Vermont Public is independent, community-supported media, serving Vermont with trusted, relevant and essential information. We share stories that bring people together, from every corner of our region. New to Vermont Public? Start here.

© 2024 Vermont Public | 365 Troy Ave. Colchester, VT 05446

Public Files:

For assistance accessing our public files, please contact or call 802-655-9451.
Play Live Radio
Next Up:
0:00 0:00
Available On Air Stations

Vermont Inmates Say They Aren't Informed About COVID-19 Cases Behind Bars

Two people on a dock with fishing poles, leaning in for a photo.
Anna Rock, Courtesy

Vermont’s Department of Corrections has taken aggressive measures in response to the coronavirus. But according to inmates, those housed and working inside the state's prisons don't always have up-to-date information.

On Wednesday morning, the department sent a press release to reporters announcing aninmate at Northwest State Correctional Facility in Swanton tested positive for COVID-19. That followed a Tuesday announcement that a third Swanton staffer had tested positive for the illness. In response, the department said it would test all 199 inmates and 125 staff members for COVID-19.

At least one inmate said he hadn’t heard any of this by late in the morning on Wednesday.

“The last update we got was Monday,” said Brian Rock, who is incarcerated at the prison in Swanton. The chief of security, Rock said, “told us that there was only one positive case,” which had been announced a week before.

“It upsets me that they’re not giving us this information,” he said. “We live here.”

More from VPR: Vermont Inmates Report Inconsistent Access To Soap, Hand Sanitizer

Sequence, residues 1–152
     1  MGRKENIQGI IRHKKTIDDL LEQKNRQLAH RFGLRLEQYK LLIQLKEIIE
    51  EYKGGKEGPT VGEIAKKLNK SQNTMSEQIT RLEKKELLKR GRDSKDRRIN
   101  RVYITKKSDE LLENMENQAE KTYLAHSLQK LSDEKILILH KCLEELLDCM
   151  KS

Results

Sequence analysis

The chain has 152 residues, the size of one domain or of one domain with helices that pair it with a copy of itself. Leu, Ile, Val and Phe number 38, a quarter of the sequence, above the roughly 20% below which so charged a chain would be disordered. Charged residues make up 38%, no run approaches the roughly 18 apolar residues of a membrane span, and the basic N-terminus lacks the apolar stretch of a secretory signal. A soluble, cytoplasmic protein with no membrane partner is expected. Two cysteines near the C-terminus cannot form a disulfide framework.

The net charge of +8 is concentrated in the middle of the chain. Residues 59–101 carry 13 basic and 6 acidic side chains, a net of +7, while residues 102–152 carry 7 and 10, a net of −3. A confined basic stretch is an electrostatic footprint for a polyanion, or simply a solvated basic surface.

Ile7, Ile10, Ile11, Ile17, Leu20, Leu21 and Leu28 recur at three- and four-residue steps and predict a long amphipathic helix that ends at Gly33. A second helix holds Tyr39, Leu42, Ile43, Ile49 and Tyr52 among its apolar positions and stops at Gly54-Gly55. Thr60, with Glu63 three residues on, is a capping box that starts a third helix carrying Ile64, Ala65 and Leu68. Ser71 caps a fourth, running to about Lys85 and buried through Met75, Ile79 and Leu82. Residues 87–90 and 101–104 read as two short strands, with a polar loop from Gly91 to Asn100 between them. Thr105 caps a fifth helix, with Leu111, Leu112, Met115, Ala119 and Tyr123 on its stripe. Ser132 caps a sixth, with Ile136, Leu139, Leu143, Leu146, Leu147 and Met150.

Last week, Northeast Correctional Complex inmate Justin Morale told VPR in a call from the St. Johnsbury prison that he hadn't received much information at all about coronavirus, other than instructions to stay calm. And that was well after the first DOC staffer had tested positive for COVID-19.

"They haven't given us any flyers or information at all," he said.

In Swanton, Brian Rock said even staff seemed confused at times.

On Monday, he said, staff wore face masks and inmates didn’t know why and hadn’t received their own. A man in his unit, Rock said, had tried to fashion a face mask out of the kind of sleeping mask you might get on an airplane.

“It just literally covered his mouth into like the middle of the bridge of his nose,” Rock said, “and they tried to make him take it off. And he's like, ‘I'm not, you're not taking it off. I'm so scared to catch this sh--. I'm not taking it off.' And they dragged him and put him in a hole for it.”

“The hole” refers to segregation, a small room used for punishment.

“I don't believe anybody was dragged off to seg,” facilities executive Al Cormier said when asked about the incident.

More from VPR: First Vermont Inmate Tests Positive For COVID-19

But, he said, there had been miscommunications about whether inmates should be disciplined as they previously had been for covering their faces.

“I do know that on Friday, there was an email put out by a supervisor, reminding staff that inmates covering their mouth — covering their faces — could be ... disciplined," he said. "I think it was more out of a panic decision than it was a responsive decision.”

Cormier added the issue had been “cleared up,” and that inmates are allowed to wear masks.

On Wednesday, Rock said the inmate had returned from segregation, and confirmed that inmates have received face masks and are allowed to wear them.

Emily Corwin reported investigative stories for VPR until August 2020. In 2019, Emily was part of a two-newsroom team which revealed that patterns of inadequate care at Vermont's eldercare facilities had led to indignities, injuries, and deaths. The consequent series, "Worse for Care," won a national Edward R. Murrow award for investigative reporting, and placed second for a 2019 IRE Award. Her work editing VPR's podcast JOLTED, about an averted school shooting, and reporting NHPR's podcast Supervision, about one man's transition home from prison, made her a finalist for a Livingston Award in 2019 and 2020. Emily was also a regular reporter and producer on Brave Little State, helping the podcast earn a National Edward R. Murrow Award for its work in 2020. When she's not working, she enjoys cross country skiing and biking.
Latest Stories